Demand for electric vehicles will increase – if the price is right – Phys.Org

Posted: Monday, April 25, 2016
A new McMaster survey shows that consumer demand for electric vehicles like comparatively affordable Tesla Model X (left) and Model 3 (right) is likely to grow as the price of electric vehicles comes down. Credit: PHOTO BY STEVE JURVETSON    

According to a new McMaster-led survey, there’s pent up consumer demand for electric vehicles- if the price is right.

That was a key finding from a Canada-wide research survey of 20,000 households that looked at toward electric vehicles. The survey is an important component of a five-year research project: the Social Costs and Benefits of Electric Mobility in Canada led by Principal Investigator Pavlos Kanaroglou, Director of the McMaster Institute for Transportation and Logistics (MITL).

The survey showed that while only a tiny percentage of the population currently owns a fully electric or hybrid car, about 30% of Canadians are now open to the idea if electric vehicles become more affordable, making it likely that demand will increase over time as more lower-cost vehicles come on the market.

“In analysing our data, we found that there’s a large segment of the population that is price sensitive,” says Mark Ferguson, Senior Research Associate at MITL and a lead researcher who worked on the survey.

“If the price comes down, there are already groups of people that are showing that they are very, very open to the concept. I think we’re seeing that already with the orders for the Tesla Model 3, which were much higher than expected.”

Ferguson says he and his team weren’t surprised by the results, adding that electric vehicles provide a strong value proposition for consumers.

“There’s a whole array of benefits,” says Ferguson. “You get instant acceleration, you never have to visit a gas station again or get an oil change, plus, the vehicle is simpler, with fewer moving parts, so it’s less costly to maintain.”

Ferguson says it’s difficult to know how long it might take for electric vehicles to gain steam. The survey revealed a number of barriers identified by respondents, which Ferguson says could slow the adoption of electric vehicles, including changes in behaviour, like having to plug in vehicles, a lack of charging infrastructure and limited battery range.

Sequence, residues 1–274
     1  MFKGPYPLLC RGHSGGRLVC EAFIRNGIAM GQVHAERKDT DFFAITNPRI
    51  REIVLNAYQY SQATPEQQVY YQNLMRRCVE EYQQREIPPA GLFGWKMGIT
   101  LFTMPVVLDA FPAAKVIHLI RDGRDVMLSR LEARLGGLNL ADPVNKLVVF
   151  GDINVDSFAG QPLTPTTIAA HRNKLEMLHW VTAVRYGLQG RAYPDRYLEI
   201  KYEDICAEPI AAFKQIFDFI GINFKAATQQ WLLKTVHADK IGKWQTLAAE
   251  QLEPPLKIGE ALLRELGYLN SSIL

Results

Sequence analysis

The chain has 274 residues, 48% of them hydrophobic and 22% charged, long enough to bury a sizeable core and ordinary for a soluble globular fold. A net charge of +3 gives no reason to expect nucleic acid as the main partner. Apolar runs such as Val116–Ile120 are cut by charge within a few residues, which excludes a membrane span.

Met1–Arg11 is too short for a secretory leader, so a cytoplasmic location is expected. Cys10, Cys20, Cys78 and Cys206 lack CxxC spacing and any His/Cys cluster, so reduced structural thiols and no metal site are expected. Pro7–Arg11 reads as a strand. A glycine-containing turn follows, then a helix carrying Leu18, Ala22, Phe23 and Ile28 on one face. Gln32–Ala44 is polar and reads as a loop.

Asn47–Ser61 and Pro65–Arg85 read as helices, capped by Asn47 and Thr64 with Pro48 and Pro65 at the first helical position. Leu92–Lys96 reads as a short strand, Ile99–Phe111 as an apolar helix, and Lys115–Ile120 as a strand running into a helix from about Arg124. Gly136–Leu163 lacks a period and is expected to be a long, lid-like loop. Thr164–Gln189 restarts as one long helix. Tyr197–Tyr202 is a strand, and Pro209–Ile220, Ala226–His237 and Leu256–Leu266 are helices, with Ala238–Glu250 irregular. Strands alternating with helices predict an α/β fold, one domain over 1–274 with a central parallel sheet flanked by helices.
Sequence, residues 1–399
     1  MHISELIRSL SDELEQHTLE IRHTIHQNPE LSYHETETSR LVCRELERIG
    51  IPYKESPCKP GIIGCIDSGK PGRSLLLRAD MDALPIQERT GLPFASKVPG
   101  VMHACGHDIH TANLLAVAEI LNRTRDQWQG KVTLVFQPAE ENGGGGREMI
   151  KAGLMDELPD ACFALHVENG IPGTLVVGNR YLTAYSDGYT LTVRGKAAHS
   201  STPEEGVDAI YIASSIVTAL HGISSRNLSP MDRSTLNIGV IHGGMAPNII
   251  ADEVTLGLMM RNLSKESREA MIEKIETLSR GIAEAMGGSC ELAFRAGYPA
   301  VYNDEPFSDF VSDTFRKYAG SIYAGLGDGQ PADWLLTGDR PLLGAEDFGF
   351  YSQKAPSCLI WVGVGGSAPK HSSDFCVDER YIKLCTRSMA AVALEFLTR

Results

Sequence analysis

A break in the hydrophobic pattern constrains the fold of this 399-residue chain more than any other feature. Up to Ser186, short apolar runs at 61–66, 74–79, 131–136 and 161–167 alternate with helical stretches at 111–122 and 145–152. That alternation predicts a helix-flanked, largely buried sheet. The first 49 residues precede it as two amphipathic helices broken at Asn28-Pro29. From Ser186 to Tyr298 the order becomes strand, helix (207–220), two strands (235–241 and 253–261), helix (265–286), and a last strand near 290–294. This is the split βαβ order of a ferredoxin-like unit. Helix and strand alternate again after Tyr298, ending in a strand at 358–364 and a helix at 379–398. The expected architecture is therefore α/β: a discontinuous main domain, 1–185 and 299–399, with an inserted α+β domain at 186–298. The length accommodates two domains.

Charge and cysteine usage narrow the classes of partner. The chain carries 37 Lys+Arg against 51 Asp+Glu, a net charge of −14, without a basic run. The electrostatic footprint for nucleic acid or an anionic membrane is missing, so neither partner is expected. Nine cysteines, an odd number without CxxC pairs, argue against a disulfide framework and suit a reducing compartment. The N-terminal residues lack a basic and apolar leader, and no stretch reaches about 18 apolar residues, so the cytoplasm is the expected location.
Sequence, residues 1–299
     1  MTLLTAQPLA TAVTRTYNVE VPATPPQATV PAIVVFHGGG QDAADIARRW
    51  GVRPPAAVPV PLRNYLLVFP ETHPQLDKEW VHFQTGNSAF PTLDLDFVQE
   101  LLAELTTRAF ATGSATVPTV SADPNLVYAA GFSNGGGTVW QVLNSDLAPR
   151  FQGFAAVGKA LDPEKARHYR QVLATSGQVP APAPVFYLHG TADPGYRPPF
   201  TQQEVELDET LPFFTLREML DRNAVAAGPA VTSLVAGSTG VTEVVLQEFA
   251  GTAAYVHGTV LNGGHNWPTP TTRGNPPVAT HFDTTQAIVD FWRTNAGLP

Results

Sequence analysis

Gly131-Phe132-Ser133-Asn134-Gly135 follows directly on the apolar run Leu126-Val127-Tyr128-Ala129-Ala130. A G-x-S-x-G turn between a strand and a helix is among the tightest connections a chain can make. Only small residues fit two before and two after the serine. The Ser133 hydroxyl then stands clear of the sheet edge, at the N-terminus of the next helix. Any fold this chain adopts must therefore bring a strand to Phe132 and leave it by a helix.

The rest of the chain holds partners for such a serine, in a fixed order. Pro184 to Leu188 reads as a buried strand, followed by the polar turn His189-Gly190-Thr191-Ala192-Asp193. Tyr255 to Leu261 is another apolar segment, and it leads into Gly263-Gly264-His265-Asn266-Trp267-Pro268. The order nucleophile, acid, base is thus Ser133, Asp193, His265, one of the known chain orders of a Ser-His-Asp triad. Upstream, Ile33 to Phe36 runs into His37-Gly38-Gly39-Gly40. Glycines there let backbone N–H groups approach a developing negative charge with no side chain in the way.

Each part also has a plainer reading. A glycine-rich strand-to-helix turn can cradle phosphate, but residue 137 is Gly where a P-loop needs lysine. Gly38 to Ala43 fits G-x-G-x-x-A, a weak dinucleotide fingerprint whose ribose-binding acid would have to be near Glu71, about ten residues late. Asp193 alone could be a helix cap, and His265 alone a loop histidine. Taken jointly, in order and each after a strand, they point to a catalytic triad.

Despite these concerns, Ferguson says there is strong evidence that the shift toward electric vehicles will continue to gain momentum, benefitting consumers and helping to combat climate change.

“Transportation accounts for 22% of greenhouse gas emissions in Canada,” says Ferguson. “So there’s no question that moving consumer, transit and fleets of vehicles to electric is going to play a very significant role in greatly reducing emissions. This is the most promising way of addressing this issue from a transportation point of view.”

The results of this were presented at The Critical Role for Electric Mobility, part of Climate Change and Environment: Navigating from Risk to Resilience (April 18-22), the final set of events in the Big Ideas, Better Cities series showcasing how McMaster research can help cities respond to 21st century challenges.

Hosted by the McMaster Institute for Transportation and Logistics (MITL), this event brought together McMaster, national and international experts and explored how are poised to transform our everyday lives, impact our economic activities and help re-shape our cities locally and around the world.

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